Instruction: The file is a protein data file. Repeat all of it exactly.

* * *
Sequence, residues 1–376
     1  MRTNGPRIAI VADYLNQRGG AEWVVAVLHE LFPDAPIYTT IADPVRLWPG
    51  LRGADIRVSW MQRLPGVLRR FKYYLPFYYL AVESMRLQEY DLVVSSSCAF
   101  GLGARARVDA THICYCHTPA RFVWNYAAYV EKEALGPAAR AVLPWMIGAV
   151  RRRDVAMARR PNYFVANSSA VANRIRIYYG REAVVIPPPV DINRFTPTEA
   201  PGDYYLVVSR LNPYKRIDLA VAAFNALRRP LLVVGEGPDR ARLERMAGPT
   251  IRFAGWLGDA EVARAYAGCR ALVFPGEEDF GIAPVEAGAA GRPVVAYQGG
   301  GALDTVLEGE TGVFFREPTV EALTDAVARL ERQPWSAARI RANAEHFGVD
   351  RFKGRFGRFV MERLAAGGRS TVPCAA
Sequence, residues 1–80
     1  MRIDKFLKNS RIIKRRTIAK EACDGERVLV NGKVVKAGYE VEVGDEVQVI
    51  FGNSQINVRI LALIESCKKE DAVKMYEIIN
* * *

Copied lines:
Sequence, residues 1–376
     1  MRTNGPRIAI VADYLNQRGG AEWVVAVLHE LFPDAPIYTT IADPVRLWPG
    51  LRGADIRVSW MQRLPGVLRR FKYYLPFYYL AVESMRLQEY DLVVSSSCAF
   101  GLGARARVDA THICYCHTPA RFVWNYAAYV EKEALGPAAR AVLPWMIGAV
   151  RRRDVAMARR PNYFVANSSA VANRIRIYYG REAVVIPPPV DINRFTPTEA
   201  PGDYYLVVSR LNPYKRIDLA VAAFNALRRP LLVVGEGPDR ARLERMAGPT
   251  IRFAGWLGDA EVARAYAGCR ALVFPGEEDF GIAPVEAGAA GRPVVAYQGG
   301  GALDTVLEGE TGVFFREPTV EALTDAVARL ERQPWSAARI RANAEHFGVD
   351  RFKGRFGRFV MERLAAGGRS TVPCAA
Sequence, residues 1–80
     1  MRIDKFLKNS RIIKRRTIAK EACDGERVLV NGKVVKAGYE VEVGDEVQVI
    51  FGNSQINVRI LALIESCKKE DAVKMYEIIN